Department of Medicine, Oklahoma University Health Sciences Center, Oklahoma City, Oklahoma 73104, USA. email@example.com Abstract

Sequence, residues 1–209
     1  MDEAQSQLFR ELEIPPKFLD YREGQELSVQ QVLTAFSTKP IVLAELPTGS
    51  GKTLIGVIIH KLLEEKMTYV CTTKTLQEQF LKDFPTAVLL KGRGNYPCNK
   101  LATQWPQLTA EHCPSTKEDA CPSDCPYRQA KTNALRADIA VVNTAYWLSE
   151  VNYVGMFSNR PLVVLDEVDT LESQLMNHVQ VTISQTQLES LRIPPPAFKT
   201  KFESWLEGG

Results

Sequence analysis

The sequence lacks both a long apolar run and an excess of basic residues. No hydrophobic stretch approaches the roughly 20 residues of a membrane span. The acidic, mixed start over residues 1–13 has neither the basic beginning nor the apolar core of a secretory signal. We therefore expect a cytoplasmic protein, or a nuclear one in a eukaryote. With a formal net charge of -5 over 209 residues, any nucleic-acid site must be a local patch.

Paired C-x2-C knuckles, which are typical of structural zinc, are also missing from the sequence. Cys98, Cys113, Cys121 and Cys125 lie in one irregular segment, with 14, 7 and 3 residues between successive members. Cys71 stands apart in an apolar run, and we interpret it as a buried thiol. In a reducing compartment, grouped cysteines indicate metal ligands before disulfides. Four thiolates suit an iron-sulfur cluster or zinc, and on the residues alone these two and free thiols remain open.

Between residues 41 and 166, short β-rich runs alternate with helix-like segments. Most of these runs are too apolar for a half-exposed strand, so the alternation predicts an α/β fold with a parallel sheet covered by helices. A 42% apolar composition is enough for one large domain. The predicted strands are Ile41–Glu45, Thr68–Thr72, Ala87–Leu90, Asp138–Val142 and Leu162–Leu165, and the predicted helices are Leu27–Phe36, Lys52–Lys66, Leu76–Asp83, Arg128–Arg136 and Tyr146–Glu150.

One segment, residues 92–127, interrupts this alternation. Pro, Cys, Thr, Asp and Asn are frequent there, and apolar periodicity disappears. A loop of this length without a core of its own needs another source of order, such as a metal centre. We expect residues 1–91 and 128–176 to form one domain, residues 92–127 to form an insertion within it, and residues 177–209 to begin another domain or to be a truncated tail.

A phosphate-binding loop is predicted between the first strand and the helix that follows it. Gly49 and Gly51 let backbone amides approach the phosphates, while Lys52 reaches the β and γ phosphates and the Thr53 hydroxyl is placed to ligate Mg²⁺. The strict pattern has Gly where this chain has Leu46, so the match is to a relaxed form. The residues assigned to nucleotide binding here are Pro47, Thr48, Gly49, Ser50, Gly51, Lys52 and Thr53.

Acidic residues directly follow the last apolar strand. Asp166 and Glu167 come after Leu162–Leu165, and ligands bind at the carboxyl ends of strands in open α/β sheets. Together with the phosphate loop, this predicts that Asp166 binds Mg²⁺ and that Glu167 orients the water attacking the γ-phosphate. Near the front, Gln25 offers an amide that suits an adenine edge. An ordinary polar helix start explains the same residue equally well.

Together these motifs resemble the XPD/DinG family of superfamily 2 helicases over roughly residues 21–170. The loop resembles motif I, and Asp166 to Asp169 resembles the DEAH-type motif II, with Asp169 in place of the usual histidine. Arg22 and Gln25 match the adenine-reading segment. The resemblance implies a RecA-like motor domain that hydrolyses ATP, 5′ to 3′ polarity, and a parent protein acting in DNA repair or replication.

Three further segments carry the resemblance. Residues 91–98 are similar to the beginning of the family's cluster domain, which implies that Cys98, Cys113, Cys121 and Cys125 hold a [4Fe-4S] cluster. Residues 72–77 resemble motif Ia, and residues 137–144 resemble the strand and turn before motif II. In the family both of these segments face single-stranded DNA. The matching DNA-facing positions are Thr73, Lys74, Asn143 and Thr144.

Infection of the central nervous system (CNS) is a severe and frequently fatal event during the course of many diseases caused by microbes with predominantly intracellular life cycles. Examples of these include the facultative intracellular bacteria Listeria monocytogenes, Mycobacterium tuberculosis, and Brucella and Salmonella spp. and obligate intracellular microbes of the Rickettsiaceae family and Tropheryma whipplei. Unfortunately, the mechanisms used by intracellular bacterial pathogens to enter the CNS are less well known than those used by bacterial pathogens with an extracellular life cycle. The goal of this review is to elaborate on the means by which intracellular bacterial pathogens establish infection within the CNS. This review encompasses the clinical and pathological findings that pertain to the CNS infection in humans and includes experimental data from animal models that illuminate how these microbes enter the CNS. Recent experimental data showing that L. monocytogenes can invade the CNS by more than one mechanism make it a useful model for discussing the various routes for neuroinvasion used by intracellular bacterial pathogens.